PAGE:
Institutional research projects
Bioinformatics-based solutions for managing Viral Infections
The primary objective of this project is to provide bioinformatics-based solutions to eradicate pathological conditions caused by viruses leading to major epidemics. Due to advancement in science, the scientific community successfully achieved eradication of certain viral diseases (like smallpox, polio) responsible for billions of death or disabilities in past. In the last 100 years, the premature deaths due to viral diseases have dropped significantly. In spite of the remarkable progress being made in the field of science and technology, there are millions of individuals suffering from viral infections. Thus there is a need to develop strategies to combat viral pathogens to eradicate or minimize viral infections and epidemics. In this project, we are working on a wide range of bioinformatics-based approaches to providing solutions for viral infections to the various stakeholders such as the scientific community, policymakers and pharmaceutical industries in fighting against viral infections. Following would be major avenues of our research work.
Computational resources for viral infections
Under this, attempts will be made to develop a platform to link major resources on different types of viruses, available vaccines, drugs etc. This platform will provide a single window for patients, researchers and medical practitioners to search all types of information on viruses. In addition, a new database or repositories will be developed to maintain information not available in the existing resources.
Sequencing and analysis for viral genomes
In the post-genomic era, whole genome sequences of viruses are increasing at exponential rates. Omics data on viruses present a perfect case of big data where velocity, variety and volume are increasing at an unprecedented rate. Thus tools and techniques will be developed to manage and mine genomic data of viruses particularly for the purpose of comparative genomics.
Computer-aided designing of drugs, immunotherapy and vaccine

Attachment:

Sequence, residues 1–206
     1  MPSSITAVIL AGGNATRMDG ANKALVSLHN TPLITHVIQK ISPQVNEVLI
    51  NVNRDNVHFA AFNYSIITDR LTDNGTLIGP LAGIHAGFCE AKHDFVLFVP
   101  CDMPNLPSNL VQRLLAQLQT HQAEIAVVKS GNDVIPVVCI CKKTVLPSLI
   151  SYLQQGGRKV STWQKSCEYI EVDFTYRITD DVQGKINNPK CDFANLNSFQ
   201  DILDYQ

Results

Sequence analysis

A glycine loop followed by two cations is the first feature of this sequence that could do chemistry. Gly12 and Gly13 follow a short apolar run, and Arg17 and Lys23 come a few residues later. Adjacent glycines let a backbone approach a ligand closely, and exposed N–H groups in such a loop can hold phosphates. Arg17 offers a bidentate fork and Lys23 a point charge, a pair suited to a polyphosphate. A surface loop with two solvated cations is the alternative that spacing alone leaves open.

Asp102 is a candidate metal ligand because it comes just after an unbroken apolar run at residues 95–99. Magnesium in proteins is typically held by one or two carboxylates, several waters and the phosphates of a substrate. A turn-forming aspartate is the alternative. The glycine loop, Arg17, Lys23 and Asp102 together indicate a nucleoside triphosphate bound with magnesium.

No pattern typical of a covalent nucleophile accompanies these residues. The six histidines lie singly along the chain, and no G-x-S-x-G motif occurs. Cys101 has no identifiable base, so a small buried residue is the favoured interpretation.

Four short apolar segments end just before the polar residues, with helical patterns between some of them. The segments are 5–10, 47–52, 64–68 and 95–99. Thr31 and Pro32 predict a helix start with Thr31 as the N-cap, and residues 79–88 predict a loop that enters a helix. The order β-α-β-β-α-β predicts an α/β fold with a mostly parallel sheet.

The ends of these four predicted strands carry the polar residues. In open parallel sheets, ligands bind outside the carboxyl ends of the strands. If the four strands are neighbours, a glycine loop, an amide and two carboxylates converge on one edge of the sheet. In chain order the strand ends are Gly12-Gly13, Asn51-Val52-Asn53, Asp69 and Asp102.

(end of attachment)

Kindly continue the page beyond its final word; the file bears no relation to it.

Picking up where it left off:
Premature deaths due to viral infections have decreased drastically in the last century due to effective vaccines and drugs against these viruses. Despite the technological advances, we fail to design effective medicines against a wide range of viruses. Fortunately, a large number of viral genomes have been sequenced thereby providing comprehensive information about these viruses at the genome level. Under this objective, we will use immunoinformatics tools to identify epitopes as subunit vaccines candidates. These predicted vaccine candidates could be used by experimental scientists for testing. Similarly, computer-aided drug design techniques will be used to predict drugs against viruses using their proteomics information.
Bioinformatics for managing emerging viral strains
Handling novel or emerging strains of viruses are a major challenge worldwide as these spread rapidly and kill large populations before the scientific community succeeds in designing effective medicine against them. Thus, there is an urgent need to create web-based platforms that provide comprehensive information on the emerging viruses. Experimental techniques are time-consuming and expensive, thus, bioinformatics may play a vital role in combating the emerging strains. A web-based platform will be developed and maintained to provide complete information about novel viruses and strains as well as potential drug and vaccine candidate predicted using bioinformatics tools.
Integration of viral genome into the human genome
The viral integration into the human host genome has been found to be associated with a high risk of carcinoma development. A major cause of such vulnerability is the genomic instability caused by the inserted viral sequence reflected by the high mutation rates of the adjacent sequences. Computational approaches have helped identify sites of preference for the viral integration and thus have helped identify them in the sequencing data. Advancement of such tools may not only be helpful in cancer diagnostics but may also become part of designing gene therapy approaches.